Dyshidrotic Dermatitis (aka Hand & Foot Eczema): Facts and Factors
This common eczema, which occurs only on the palms of the hands, sides of the fingers, and soles of the feet, typically causes a burning or itching sensation and a blistering rash. Some patients say the blisters resemble tapioca pudding.
- Hand eczema
- Vesicular eczema
- Vesicular palmoplantar eczema
Signs and Symptoms
- Small, deep blisters can form on the palms, sides of the fingers, and/or soles
- Intense burning or itching
- Inflamed skin (reddish and hot to the touch)
- Cracking and peeling skin
- Affected areas may sweat excessively.
- Skin may become infected, causing oozing blisters and crusts.
- Skin between the fingers can soften; skin may feel spongy.
- Nail changes if dyshidrotic dermatitis persists for a long time. The fingernails can develop ridges and pitting. The nails may thicken and discolor.
- Sometimes as the skin clears, the skin peels and a new crop of blisters appear.
- Extensive peeling and cracking in severe cases
- Researchers now believe that a person’s reaction to events occurring within the body (e.g., having another medical condition) and factors occurring outside the body (e.g., the weather) play a role.
- Research shows that excessive sweating—originally believed to be the cause—does not cause dyshidrotic dermatitis.
Researchers have identified several factors that can increase one’s risk of developing dyshidrotic dermatitis and the risk of flare-ups:
- Stress. Probably the most common risk factor, many patients report a stressful period before an outbreak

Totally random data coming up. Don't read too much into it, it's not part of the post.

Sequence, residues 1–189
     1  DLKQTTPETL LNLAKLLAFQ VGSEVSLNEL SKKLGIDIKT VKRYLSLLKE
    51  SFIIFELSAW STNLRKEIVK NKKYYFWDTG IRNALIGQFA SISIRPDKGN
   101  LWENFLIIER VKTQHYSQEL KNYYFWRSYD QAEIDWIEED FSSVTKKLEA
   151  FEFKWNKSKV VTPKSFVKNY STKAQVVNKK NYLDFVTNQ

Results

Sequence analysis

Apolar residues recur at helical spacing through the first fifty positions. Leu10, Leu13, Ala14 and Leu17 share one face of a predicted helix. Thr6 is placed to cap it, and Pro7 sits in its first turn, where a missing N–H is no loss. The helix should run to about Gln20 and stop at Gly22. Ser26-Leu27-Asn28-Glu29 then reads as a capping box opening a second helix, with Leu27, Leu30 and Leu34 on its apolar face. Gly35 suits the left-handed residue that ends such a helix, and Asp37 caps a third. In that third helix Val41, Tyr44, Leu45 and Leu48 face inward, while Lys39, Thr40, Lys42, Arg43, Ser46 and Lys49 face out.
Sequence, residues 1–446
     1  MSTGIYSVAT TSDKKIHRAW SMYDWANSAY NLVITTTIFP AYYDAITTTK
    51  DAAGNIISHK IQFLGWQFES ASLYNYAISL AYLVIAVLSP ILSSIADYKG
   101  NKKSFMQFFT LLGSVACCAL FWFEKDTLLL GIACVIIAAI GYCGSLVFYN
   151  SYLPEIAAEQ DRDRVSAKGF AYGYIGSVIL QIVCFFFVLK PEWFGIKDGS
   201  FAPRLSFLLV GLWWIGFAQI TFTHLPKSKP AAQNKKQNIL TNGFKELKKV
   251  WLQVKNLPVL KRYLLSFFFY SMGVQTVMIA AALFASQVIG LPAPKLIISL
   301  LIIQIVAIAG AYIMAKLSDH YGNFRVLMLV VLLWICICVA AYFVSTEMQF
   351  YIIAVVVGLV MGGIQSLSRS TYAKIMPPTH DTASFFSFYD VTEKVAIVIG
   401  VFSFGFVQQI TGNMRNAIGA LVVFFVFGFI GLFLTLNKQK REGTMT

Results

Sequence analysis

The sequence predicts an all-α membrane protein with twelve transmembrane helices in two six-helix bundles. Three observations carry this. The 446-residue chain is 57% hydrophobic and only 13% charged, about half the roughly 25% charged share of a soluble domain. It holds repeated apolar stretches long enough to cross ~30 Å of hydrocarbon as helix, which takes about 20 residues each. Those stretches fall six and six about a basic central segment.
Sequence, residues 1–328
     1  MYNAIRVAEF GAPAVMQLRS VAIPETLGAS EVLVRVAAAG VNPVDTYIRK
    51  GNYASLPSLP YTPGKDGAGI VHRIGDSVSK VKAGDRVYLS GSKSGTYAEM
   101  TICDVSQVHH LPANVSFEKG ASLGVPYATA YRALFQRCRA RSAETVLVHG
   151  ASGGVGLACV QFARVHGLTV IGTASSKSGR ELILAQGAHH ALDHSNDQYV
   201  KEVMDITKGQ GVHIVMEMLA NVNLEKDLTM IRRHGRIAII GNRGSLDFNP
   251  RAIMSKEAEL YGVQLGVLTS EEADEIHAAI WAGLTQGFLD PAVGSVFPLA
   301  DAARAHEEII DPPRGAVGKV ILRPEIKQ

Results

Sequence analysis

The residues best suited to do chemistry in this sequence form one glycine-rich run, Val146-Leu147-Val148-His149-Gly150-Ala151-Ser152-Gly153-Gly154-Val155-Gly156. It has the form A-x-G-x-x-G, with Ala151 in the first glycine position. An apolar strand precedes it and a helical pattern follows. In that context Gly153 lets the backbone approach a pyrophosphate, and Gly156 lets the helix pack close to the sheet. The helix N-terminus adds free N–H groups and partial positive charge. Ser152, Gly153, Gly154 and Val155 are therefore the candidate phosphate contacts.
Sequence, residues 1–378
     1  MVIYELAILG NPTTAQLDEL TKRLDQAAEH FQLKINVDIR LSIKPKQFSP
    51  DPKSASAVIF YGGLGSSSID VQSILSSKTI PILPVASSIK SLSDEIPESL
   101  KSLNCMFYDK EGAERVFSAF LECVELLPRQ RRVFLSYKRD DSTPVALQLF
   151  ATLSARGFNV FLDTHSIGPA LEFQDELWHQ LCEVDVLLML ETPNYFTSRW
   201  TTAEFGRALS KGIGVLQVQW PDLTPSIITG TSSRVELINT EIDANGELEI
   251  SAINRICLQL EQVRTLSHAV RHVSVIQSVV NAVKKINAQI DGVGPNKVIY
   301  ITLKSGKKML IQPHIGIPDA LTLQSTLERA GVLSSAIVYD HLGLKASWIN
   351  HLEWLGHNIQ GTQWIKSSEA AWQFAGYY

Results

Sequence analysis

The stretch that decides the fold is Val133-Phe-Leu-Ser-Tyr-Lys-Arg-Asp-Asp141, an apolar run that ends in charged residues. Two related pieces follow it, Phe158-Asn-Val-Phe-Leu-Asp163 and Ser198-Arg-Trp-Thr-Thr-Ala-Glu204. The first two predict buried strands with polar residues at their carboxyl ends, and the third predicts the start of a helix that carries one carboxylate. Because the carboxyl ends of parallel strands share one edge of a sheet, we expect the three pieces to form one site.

- Gender. Females tend to develop dyshidrotic dermatitis more frequently than males.
- Weather. Flare-ups are most frequent in hot humid weather. In fact, the weather is a common trigger for many patients. A study of 104 patients found that the following weather conditions triggered flare-ups: heat (29.8% of patients), humidity (24% of patients), and cold (12.5% of patients).
- Pre-existing atopic condition (e.g., atopic eczema, hay fever, or asthma). Having one or more of these conditions significantly increases the risk.
- Pre-existing contact dermatitis. Having contact dermatitis significantly increases the risk of developing dyshidrotic dermatitis. Contact with everyday objects—from shampoo and jewelry to food and water—causes contact dermatitis. When the contact leads to irritated skin, the eczema is called irritant contact dermatitis. If an allergic reaction develops on the skin after exposure, the eczema is called allergic contact dermatitis.
- Pre-existing infection. Having an infection in another part of the body may increase the risk. A study found that one-third of the patients saw the dyshidrotic dermatitis on their hands clear after they received treatment for their athlete’s foot.
- Metal implant, such as a hip replacement. Studies show a direct correlation between a metal allergy and developing dyshidrotic dermatitis.
- Aspirin, oral contraceptives, and smoking. One study suggests that smoking as well as taking aspirin or an oral contraceptive increases the risk.
Source: American Academy of Dermatology